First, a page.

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March 10, 2010
Rocking tradition
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Rocking tradition



Enter the Haggis




Celtic music upheaval on full display this month in Foxboro
FOXBORO - It used to be that the words "Celtic music" would conjure up images of traditional session bands improvising in a small Irish pub or musicians like The Clancy Brothers and Tommy Makem.

But over the last few decades, a movement has been growing across Ireland and America as more and more bands use their Irish heritage to explore other musical genres, creating new sounds that have struck a chord with the Irish and Irish-Americans of all generations.

Combining traditional Celtic instruments like the accordion and fiddle with pounding drums and acoustic guitars, this Celtic rock movement will be on full display this month at Showcase Live in Foxboro, with separate concerts by Hothouse Flowers (March 12), Black 47 (March 16) and Enter the Haggis (March 17) to celebrate the St. Patrick's Day season.

Forming in New York City in the late 1980s, Black 47 and frontman Larry Kirwan are credited as pioneers in the movement, bringing Celtic music and rock together in a way audiences had never heard before.

"When we started out, it was like 'Are you guys serious?'" Kirwan said. "People were used to fiddles and accordions in the kitchen, more or less, at sessions or in bars, whereas we were coming in with the heavy artillery and, you know, ripping it off."
Black 47
Throughout the past two decades, Kirwan and his band have seen the genre grow, pushing its way towards the mainstream.

"When we started, no one was giving any thought to it at all. Now it's a movement across the country, it's national," Kirwan said. "There's not a small town in the country that doesn't have its Celtic rock band."

One of the products of this movement is Enter the Haggis, a Toronto-based Celtic pop-rock band that will be coming to Showcase Live on St. Patrick's Day.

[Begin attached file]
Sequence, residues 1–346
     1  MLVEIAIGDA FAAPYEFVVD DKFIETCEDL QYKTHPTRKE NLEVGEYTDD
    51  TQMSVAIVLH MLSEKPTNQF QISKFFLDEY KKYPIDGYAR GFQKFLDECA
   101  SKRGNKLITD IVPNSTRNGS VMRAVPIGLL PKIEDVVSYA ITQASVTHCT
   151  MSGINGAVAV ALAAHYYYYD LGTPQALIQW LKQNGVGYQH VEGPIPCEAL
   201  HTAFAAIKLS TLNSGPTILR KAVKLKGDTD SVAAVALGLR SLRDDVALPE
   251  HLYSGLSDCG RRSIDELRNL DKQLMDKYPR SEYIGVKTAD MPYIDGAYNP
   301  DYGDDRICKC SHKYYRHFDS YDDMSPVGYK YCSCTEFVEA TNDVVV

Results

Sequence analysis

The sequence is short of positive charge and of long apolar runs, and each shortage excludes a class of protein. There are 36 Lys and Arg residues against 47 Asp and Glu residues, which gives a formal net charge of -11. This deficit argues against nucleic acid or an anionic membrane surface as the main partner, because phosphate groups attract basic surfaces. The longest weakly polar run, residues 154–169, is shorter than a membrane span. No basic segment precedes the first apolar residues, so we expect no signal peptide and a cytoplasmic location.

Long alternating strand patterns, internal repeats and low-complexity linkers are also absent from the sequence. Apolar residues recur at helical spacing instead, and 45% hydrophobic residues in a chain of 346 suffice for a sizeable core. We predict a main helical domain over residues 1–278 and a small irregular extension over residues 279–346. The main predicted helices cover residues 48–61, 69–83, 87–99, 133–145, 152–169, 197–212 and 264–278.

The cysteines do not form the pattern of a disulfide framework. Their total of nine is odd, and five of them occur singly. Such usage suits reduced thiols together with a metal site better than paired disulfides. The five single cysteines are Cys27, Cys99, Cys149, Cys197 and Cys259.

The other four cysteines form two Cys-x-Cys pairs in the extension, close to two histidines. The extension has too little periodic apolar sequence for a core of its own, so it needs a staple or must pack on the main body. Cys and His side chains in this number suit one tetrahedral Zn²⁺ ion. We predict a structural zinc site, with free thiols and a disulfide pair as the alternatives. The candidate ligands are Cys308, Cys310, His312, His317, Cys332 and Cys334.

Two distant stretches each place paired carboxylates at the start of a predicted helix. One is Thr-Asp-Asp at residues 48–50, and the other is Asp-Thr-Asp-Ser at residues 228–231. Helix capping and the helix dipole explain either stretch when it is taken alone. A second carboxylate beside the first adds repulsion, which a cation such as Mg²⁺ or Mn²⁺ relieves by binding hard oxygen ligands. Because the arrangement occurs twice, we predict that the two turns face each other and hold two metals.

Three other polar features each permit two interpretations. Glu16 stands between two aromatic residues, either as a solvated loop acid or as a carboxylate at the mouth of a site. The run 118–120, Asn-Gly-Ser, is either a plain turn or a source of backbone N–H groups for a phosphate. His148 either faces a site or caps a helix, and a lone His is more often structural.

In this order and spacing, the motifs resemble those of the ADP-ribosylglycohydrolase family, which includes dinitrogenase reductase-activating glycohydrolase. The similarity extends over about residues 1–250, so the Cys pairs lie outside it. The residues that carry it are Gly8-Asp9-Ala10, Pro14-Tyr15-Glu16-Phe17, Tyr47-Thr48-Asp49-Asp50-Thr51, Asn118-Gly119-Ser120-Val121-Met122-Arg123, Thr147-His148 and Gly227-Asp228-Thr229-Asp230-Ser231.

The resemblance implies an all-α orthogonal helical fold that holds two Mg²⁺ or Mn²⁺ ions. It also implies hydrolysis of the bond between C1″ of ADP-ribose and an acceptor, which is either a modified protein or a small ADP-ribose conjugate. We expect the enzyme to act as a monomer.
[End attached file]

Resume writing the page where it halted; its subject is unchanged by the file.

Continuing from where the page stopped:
"We've never done a St. Patrick's Day show so close to Boston," said Brian Buchanan, who sings, plays the fiddle, guitar and keyboards in the band. "On March 17, everybody claims at least a little bit of Irish heritage, so I expect a big mix (of people) at that show."

Since its formation in 1996, the band has focused on bringing their Celtic heritage to other musical styles.

"Our objective was always to try and sort of push the boundaries of what people thought of Celtic music," he said. "There's so much you can do with Celtic music and Celtic instrumentation that goes beyond just playing pub drinking songs."

Buchanan said it has often been a fun challenge for the band to incorporate these Celtic elements to their new material in a way that feels organic.

"It's always a challenge trying to figure out how to use those things without it sounding like they're tacked on - like you're using bagpipes just for the sake of having them," he said.

"There's a couple of songs on our new album ("Gutter Anthems") that are straight-up rock songs, but instead of a lead guitar line you've got a bagpipe line," he said.

While Black 47 and Enter the Haggis were making strides in Celtic rock in North America, Hothouse Flowers was creating its own sound right in Ireland.
Hothouse Flowers
Formed in 1985, guitarist and vocalist Fiachna O'Braonain said the band came up rooted in the traditional Irish music they learned in school with a desire to explore the rock music they were hearing on the radio.

"It's something where maybe one day we said 'let's try this song, only let's try it with the drums,'" he said. "It tends to happen quite naturally."

O'Braonian said he thinks it's the Irish knack for storytelling through song that has resonated with fans of all ages, both at home in Ireland and here in America.

"Ireland is a country where we've always had fun with words," he said. "We enjoy expressing strong emotions and strong feelings.

"That comes through in the music."

For Kirwan, what makes Celtic rock unique is its ability to remain rooted to heritage, something he said mainstream rock lacks.

"You don't hear the roots of Elvis or Eddie Cochran in rock music anymore, but, in Irish music and Irish rock music, you can feel the roots of the Irish experience and the Irish identity," he said.

This rooted rock will be on display, Kirwan said, throughout the series of concerts at Showcase Live.

"They're there in all these bands that you'll see coming to Foxboro," he said. "You'll feel the roots of Ireland in all of the bands in a way that you won't in regular rock music."

For tickets to the Irish series at Showcase Live, 23 Patriot Place, Foxboro, call 866-448-7849, to to Ticketmaster.com, or visit the box office from 10 a.m. to 6 p.m. daily. For more information, call 508-543-5640 or visit ShowcaseLive.com.

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